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ROAS is short for return on ad spend. It is a metric that helps app marketers understand which campaigns and ads are working (and which aren’t) by measuring how much revenue was earned in comparison to how much budget was spent.

ROAS is typically expressed as a ratio and the higher the ratio, the better the campaign performed. In Google Advertising, ROAS (Return on Advertising Spend) measures the revenue generated for each dollar spent on advertising campaigns. It helps advertisers assess the effectiveness and profitability of their ad investments.


ROAS (Return on Advertising Spend) in Google Advertising is a metric used to evaluate the revenue generated from advertising campaigns relative to the amount spent on those campaigns. Divide the total revenue generated by the total advertising spend to calculate it, typically expressing it as a ratio or percentage.

How you can use ROAS

For example, if an advertiser spends $1000 on a Google Ads campaign and generates $5000 in revenue from that campaign, the ROAS would be calculated as ($5000 / $1000) = 5. This means that for every dollar spent on advertising, the advertiser generated $5 in revenue.

Calculation or Formula

ROAS = (Total Revenue Generated / Total Advertising Spend)


How does ROAS differ from ROI?

While ROAS specifically measures the revenue generated from advertising spend, ROI (Return on Investment) considers all costs associated with an investment, not just advertising spend.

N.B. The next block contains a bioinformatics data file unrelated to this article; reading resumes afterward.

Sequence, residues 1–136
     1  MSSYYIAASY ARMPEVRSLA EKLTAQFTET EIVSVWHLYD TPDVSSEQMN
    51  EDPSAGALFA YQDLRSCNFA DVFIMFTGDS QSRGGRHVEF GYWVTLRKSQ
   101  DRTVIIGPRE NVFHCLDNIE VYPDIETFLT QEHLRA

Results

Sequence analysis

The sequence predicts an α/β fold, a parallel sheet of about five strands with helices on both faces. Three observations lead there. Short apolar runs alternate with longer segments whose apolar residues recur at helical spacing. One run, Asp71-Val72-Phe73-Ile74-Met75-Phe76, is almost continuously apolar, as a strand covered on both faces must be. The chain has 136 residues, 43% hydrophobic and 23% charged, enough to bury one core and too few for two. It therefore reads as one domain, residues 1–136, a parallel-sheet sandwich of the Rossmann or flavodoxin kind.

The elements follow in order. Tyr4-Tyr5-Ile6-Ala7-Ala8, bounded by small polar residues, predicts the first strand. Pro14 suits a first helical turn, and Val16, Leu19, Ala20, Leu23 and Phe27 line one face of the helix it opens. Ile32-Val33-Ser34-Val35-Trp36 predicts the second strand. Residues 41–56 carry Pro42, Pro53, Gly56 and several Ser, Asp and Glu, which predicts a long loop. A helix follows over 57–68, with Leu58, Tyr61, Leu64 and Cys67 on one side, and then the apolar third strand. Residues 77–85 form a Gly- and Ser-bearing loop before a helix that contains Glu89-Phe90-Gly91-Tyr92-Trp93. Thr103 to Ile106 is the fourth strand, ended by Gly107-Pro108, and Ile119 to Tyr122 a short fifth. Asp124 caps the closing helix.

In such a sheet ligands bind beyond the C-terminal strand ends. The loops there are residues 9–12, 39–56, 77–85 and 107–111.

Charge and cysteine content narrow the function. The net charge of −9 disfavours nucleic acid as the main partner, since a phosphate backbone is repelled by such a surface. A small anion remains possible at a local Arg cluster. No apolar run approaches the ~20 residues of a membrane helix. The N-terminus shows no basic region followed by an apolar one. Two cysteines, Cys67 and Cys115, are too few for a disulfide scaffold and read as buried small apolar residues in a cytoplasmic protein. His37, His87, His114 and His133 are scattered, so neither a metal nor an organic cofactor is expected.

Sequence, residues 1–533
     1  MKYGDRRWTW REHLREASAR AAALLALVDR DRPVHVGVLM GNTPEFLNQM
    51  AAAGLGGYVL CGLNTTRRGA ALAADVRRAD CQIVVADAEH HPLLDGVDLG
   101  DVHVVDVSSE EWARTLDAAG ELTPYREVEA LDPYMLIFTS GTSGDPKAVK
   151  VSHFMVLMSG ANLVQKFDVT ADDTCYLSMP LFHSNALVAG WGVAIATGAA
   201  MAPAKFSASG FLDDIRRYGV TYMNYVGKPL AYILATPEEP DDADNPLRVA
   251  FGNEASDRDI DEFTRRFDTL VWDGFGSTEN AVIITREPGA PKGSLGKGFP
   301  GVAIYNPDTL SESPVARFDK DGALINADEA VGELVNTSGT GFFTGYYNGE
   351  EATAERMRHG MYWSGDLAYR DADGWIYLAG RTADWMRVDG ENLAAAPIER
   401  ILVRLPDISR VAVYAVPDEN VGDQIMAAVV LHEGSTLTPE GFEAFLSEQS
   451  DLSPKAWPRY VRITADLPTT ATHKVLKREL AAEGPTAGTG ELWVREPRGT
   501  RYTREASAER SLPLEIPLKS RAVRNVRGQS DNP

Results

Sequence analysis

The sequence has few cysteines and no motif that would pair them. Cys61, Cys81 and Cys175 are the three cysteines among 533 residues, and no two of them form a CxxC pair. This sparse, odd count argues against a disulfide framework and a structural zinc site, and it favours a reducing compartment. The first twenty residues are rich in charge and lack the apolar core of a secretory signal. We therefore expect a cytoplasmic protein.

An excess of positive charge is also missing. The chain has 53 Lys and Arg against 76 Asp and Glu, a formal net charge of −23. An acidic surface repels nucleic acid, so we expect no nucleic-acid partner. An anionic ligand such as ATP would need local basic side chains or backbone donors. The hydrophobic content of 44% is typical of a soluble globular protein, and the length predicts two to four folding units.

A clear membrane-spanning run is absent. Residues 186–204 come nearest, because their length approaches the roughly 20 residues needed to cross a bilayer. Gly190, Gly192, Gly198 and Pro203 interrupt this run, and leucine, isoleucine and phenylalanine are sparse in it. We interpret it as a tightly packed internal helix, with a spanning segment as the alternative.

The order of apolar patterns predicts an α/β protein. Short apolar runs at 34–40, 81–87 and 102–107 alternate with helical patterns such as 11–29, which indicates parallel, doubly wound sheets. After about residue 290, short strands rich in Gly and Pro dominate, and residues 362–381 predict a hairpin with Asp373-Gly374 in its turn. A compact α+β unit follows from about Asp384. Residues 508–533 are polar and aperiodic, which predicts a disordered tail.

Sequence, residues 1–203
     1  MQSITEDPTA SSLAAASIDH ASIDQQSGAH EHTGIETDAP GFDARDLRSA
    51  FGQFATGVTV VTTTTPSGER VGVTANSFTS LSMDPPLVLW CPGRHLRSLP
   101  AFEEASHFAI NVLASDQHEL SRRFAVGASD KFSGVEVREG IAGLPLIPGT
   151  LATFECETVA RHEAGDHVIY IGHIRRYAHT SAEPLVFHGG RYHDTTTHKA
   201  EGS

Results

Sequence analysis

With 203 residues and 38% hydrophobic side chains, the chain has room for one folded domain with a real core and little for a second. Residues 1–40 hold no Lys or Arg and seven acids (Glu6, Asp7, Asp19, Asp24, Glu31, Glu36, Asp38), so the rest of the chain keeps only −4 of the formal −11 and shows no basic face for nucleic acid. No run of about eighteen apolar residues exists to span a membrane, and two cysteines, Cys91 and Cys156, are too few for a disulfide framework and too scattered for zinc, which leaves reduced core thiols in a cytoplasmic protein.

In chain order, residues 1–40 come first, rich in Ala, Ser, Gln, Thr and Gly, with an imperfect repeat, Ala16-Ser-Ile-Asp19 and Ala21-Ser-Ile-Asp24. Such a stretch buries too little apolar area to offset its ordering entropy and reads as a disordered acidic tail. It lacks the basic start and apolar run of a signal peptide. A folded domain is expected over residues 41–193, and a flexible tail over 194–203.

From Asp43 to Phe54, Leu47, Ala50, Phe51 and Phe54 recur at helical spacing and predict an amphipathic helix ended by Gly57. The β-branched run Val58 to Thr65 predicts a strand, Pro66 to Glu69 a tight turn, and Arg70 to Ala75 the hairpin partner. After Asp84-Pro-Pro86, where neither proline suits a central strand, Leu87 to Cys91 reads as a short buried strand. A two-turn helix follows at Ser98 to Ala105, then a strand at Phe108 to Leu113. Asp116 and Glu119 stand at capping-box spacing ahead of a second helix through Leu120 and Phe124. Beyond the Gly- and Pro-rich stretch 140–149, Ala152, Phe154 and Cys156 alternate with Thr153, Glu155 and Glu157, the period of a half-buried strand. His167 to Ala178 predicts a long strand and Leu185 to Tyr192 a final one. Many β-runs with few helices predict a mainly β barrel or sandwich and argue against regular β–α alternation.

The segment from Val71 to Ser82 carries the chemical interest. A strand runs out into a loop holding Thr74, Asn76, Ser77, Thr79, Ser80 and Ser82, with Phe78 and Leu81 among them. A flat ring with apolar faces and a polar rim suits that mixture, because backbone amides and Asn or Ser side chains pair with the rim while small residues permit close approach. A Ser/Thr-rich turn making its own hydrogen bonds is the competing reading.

What is considered a good ROAS?

A good ROAS varies depending on factors such as industry, profit margins, and business goals. Generally, a ROAS greater than 4:1 is considered favourable, but it ultimately depends on the specific circumstances of the advertising campaign.

How can I improve my ROAS?

Optimizing ad targeting, improving ad creatives, and refining keyword strategies are some ways to enhance ROAS.

What attribution model should I use for ROAS calculations?

The choice of attribution model depends on your advertising goals and the customer journey. Common models include last-click, first-click, and linear attribution.

Can ROAS be negative?

Yes, if the cost of advertising exceeds the revenue generated, ROAS can be negative, indicating a loss.

Does ROAS account for non-advertising revenue?

No, ROAS focuses solely on revenue generated from advertising efforts and does not consider other sources of income.

How often should I monitor ROAS?

It's recommended to monitor ROAS regularly, ideally daily or weekly, to identify trends and make timely adjustments to campaigns.

What is a good ROAS benchmark?

ROAS benchmarks vary across industries and businesses. It's best to compare your ROAS against historical performance and industry averages.

Can ROAS be used for non-digital advertising?

While ROAS is commonly used in digital advertising, it can be adapted for traditional advertising channels by tracking revenue generated from specific campaigns.

Is ROAS the only metric I should consider for evaluating advertising performance?

No, ROAS should be used in conjunction with other metrics like click-through rate (CTR), conversion rate, and cost per acquisition (CPA) for a comprehensive assessment of advertising performance.

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